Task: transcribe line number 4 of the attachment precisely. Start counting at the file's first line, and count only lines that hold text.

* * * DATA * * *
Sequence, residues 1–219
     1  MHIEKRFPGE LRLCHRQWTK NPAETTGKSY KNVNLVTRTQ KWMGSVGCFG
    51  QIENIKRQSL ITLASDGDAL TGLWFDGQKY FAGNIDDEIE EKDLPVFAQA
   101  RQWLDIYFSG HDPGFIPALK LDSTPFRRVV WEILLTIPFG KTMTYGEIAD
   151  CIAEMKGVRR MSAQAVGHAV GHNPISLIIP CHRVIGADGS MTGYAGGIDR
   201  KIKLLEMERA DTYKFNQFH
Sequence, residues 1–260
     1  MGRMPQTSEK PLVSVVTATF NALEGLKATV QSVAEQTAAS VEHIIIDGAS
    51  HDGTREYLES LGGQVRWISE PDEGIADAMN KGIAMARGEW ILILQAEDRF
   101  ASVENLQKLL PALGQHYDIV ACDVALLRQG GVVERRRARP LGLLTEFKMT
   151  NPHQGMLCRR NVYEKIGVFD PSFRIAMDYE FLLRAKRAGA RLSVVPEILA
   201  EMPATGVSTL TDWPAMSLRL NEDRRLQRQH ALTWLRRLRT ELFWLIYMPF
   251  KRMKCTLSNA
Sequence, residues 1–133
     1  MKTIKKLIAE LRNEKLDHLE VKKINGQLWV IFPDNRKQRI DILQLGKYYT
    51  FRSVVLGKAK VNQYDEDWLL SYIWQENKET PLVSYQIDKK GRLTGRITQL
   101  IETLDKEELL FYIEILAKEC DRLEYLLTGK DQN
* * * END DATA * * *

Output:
   101  RQWLDIYFSG HDPGFIPALK LDSTPFRRVV WEILLTIPFG KTMTYGEIAD